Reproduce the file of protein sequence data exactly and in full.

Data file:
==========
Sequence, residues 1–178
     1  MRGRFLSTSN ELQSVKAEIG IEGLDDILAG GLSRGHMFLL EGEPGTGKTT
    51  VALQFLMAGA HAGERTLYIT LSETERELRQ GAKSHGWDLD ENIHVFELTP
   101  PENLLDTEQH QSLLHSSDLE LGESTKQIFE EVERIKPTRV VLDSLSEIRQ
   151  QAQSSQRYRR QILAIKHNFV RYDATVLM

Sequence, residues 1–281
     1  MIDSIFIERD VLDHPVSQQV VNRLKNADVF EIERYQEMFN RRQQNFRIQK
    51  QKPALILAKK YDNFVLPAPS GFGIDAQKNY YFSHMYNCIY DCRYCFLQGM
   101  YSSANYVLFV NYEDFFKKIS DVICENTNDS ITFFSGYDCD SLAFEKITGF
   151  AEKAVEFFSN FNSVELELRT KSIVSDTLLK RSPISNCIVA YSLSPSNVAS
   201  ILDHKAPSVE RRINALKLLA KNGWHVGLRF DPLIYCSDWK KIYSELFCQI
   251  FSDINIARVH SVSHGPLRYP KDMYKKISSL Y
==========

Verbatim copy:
Sequence, residues 1–178
     1  MRGRFLSTSN ELQSVKAEIG IEGLDDILAG GLSRGHMFLL EGEPGTGKTT
    51  VALQFLMAGA HAGERTLYIT LSETERELRQ GAKSHGWDLD ENIHVFELTP
   101  PENLLDTEQH QSLLHSSDLE LGESTKQIFE EVERIKPTRV VLDSLSEIRQ
   151  QAQSSQRYRR QILAIKHNFV RYDATVLM

Sequence, residues 1–281
     1  MIDSIFIERD VLDHPVSQQV VNRLKNADVF EIERYQEMFN RRQQNFRIQK
    51  QKPALILAKK YDNFVLPAPS GFGIDAQKNY YFSHMYNCIY DCRYCFLQGM
   101  YSSANYVLFV NYEDFFKKIS DVICENTNDS ITFFSGYDCD SLAFEKITGF
   151  AEKAVEFFSN FNSVELELRT KSIVSDTLLK RSPISNCIVA YSLSPSNVAS
   201  ILDHKAPSVE RRINALKLLA KNGWHVGLRF DPLIYCSDWK KIYSELFCQI
   251  FSDINIARVH SVSHGPLRYP KDMYKKISSL Y